We left San Pedro and made a beeline for the coast. It was only 2-1/2 hours away but it seemed to take forever in the straight line, monotone drone of the Atacama. At Tocopilla we lunched on fresh Soupa de Mariscos, dredging up oysters, clams and a few unidentifiable bits and pieces below the murky surface of the broth. As advertised by the patrons it was "muis rico."
Further up the coast we pulled off the road and found our home for the night. Camping is adding a dimension to this trip that would not otherwise have been attainable. We overdosed on surf, sand and sun and let the incoming tide lull us to sleep, into a deep and satisfying slumber not achievable in any hotel.
Early the next morning we found we had camped a few short kilometers from Huanillos, a very complete ghost town. We could have dined on ghost vapor and fought off long lost spirits of the dead. This appeared to be an abandoned salt mine from perhaps the early 1900's harboring over a hundred workers. The boss's mansion sat perched on an overlook commanding both a view of the sea and the mining operation he controlled. He suffered little discomfort I am sure.
I have always said that if you combine motorcycles with mountains, volcanoes and scantily clad women you have reached nirvana...that elusive 'G' spot that most couples strive to experience at least once in their lives. If you combine motorcycles with at least one of the above than you approach nirvana. That is what we did today.
Beside the coast was a mountain. On the mountain was a road...or at least a facimile thereof. I passed it by, but the draw was strong. I tried to resist but I couldn't. I returned to the junction and surveyed the ascending scar along the face of the mountain. With saliva beginning to flow I raced through the gears in a mad quest to chase the road up the mountain and over it onto the altiplano.
The situation was not unlike a similar event Peter and I endured while crossing the Salar de Uyuni a few years ago. The altitude was not as extreme but the conditions were similar. A slash barely ten feet wide marked the road. The inside track was soft and partially drifted. The outside track a mere two feet from a sheer drop-off to the coastal plain below. We ground our way upwards fighting switchbacks that were too tight to negotiate in a single pass. Finally perched at an obscene angle we stopped to evaluate the sanity of the situation. Was it the wisdom of our years that caused us to return to the pavement? Or, was it simply a lack of courage? I know my wife would have questioned my sanity. Peter would have questioned my courage. I simply called it a wise decision.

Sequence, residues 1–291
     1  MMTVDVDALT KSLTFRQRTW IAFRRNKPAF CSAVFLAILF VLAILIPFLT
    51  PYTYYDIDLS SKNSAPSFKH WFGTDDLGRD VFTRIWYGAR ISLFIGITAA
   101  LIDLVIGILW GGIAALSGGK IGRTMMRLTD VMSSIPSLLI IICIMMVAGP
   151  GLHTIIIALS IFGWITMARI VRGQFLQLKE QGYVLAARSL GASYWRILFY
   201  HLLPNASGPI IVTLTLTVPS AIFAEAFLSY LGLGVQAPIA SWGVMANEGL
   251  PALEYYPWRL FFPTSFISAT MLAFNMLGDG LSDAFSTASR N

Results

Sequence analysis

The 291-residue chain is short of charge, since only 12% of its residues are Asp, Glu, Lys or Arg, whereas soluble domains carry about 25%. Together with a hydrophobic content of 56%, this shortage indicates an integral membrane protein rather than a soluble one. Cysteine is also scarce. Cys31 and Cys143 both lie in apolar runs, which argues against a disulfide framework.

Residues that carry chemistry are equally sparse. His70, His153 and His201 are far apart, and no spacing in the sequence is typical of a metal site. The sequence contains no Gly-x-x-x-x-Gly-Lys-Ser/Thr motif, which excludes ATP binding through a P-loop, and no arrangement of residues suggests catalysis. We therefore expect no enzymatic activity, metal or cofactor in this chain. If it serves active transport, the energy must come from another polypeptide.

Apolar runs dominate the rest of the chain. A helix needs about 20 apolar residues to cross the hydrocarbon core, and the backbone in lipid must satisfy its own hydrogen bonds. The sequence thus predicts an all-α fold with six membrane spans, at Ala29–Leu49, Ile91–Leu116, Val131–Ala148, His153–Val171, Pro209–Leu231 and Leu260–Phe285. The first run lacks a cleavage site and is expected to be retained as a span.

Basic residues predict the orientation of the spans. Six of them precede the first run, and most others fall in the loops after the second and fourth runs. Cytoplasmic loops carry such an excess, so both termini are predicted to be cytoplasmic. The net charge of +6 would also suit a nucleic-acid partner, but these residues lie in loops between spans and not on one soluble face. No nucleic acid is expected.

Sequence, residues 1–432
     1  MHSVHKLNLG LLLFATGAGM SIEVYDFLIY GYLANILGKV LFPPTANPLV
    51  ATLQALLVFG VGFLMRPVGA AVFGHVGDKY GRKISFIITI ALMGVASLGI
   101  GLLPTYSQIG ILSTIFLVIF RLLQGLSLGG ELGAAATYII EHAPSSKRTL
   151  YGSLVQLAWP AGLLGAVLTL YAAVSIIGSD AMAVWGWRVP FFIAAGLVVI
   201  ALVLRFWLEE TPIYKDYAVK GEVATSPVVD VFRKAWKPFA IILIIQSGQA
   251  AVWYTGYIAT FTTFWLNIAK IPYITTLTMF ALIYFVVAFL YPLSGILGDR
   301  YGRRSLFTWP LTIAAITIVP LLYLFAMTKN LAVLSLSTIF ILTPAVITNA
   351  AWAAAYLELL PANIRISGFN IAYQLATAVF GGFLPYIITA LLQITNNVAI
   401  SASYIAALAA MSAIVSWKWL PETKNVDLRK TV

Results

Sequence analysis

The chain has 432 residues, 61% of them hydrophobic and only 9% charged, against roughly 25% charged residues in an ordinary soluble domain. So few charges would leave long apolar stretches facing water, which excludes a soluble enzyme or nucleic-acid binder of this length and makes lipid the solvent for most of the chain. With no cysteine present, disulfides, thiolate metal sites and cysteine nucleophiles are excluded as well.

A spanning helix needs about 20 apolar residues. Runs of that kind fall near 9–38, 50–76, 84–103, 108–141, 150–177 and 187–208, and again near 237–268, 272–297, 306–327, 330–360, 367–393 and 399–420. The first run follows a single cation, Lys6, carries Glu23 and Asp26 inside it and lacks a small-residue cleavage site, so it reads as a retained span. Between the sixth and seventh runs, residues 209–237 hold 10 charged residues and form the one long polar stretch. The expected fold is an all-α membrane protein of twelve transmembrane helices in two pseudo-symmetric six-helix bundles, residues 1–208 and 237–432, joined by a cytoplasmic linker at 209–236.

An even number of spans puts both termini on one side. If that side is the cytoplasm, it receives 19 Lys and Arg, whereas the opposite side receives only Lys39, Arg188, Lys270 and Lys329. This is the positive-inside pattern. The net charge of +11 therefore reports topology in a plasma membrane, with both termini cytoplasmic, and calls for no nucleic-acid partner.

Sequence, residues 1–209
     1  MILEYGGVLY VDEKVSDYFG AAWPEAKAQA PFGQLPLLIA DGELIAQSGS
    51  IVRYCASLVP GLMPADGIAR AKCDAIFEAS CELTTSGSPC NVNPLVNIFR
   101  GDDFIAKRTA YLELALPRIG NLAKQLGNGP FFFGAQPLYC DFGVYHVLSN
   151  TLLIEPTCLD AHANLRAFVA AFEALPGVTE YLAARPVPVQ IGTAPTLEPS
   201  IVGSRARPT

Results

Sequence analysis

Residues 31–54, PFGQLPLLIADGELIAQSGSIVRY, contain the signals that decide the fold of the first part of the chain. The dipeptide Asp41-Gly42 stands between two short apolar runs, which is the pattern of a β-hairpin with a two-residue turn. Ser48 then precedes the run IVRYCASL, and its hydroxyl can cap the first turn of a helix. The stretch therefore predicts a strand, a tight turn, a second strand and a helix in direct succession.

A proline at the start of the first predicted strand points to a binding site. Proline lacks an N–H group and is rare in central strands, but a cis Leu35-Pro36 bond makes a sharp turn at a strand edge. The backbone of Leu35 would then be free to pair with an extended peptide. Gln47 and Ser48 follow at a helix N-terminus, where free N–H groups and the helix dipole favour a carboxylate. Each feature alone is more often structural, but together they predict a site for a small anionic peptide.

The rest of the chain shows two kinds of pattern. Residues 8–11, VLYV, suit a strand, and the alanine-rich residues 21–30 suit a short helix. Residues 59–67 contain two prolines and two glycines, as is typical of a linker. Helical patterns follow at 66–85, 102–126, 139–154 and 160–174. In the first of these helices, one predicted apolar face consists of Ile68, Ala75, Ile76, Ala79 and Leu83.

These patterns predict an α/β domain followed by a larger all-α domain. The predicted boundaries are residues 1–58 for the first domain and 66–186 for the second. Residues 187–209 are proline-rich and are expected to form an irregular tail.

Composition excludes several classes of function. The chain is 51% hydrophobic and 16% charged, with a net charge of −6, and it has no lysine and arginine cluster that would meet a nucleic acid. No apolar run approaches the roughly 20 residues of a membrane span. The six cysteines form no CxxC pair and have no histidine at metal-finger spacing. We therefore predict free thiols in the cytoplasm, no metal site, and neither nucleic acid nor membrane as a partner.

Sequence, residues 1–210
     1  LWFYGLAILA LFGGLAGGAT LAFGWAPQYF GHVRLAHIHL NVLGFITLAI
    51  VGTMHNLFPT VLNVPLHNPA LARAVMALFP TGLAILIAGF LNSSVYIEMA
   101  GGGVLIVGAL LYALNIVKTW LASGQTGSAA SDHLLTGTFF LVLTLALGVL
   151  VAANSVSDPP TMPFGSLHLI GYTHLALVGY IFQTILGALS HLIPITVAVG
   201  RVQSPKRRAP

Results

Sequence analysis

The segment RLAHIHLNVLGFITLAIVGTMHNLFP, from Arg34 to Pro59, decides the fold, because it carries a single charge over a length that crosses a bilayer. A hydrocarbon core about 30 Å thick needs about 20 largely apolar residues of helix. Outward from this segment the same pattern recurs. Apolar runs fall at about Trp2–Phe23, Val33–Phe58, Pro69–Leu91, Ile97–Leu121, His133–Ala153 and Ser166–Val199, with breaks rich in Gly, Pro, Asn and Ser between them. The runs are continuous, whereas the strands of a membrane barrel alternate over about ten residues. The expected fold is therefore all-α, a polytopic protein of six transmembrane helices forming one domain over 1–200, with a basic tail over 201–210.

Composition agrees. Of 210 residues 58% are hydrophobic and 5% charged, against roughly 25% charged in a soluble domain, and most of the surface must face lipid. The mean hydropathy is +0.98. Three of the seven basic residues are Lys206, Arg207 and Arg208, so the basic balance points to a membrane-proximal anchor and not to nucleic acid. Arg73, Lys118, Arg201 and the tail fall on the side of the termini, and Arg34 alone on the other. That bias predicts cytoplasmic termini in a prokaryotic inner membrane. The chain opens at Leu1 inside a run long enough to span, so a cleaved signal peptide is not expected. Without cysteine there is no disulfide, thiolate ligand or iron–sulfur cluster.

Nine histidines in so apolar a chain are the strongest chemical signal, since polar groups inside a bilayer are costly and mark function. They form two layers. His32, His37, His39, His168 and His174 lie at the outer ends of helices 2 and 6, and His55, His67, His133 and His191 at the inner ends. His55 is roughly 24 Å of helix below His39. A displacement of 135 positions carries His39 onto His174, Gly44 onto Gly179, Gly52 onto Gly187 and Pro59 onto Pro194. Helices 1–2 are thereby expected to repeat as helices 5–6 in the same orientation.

A few kilometers down the coast I found a lovely restaurant and dined with the knowledge I had made the right decision.
The Road from Hell intersected the highway again not far from the restaurant. This segment was paved as it afforded access to the salt mine "Mina Chica" some twenty kilometers inland. We chased the easy track to the mine winding our way up to the altiplano through a deep canyon with only enough room for us and the road...and a few trucks.
At the mine we talked our way through "security" and proceeded to ride around the works. However when we stopped to take some photographs we were descended upon by security forces. From all directions little red pickup trucks zoomed towards us with beacons flashing. The windows lowered effortlessly and we were unceremoniously told to vacate the premises. OK! No problem. We had seen what we wanted. We left in peace.
Back on Routa 1 we moved north to Iquique. We were unprepared for the progressive, westerness of the town. Behind the new, upscale facade of the southern extension of the city lurked the Victorian gingerbread town of the Nitrate years. Nitrate had built this town and its wonderful architecture. Fish meal sustained it as well as the largest Duty Free Port in Chile. A lot of the town is in decay but a large section is undergoing regeneration and preservation. It will take time but will truly be a Victorian gem when it is finished.
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